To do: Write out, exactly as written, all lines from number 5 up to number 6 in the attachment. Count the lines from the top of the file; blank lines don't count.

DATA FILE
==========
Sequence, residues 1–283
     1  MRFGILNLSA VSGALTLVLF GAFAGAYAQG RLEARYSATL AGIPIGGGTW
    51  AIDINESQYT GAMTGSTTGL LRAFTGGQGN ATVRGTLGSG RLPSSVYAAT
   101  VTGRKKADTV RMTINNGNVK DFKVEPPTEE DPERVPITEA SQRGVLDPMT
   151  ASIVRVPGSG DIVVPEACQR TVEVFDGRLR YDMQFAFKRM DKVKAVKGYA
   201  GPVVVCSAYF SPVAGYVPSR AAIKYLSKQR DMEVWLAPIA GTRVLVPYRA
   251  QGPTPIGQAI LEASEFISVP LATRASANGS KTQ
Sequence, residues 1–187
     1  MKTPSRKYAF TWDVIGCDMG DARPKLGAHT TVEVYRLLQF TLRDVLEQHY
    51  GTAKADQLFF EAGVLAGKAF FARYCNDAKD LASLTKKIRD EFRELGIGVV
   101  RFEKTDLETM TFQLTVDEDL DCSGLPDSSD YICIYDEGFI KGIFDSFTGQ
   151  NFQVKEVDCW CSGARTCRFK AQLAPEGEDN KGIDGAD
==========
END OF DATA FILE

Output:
   151  ASIVRVPGSG DIVVPEACQR TVEVFDGRLR YDMQFAFKRM DKVKAVKGYA
   201  GPVVVCSAYF SPVAGYVPSR AAIKYLSKQR DMEVWLAPIA GTRVLVPYRA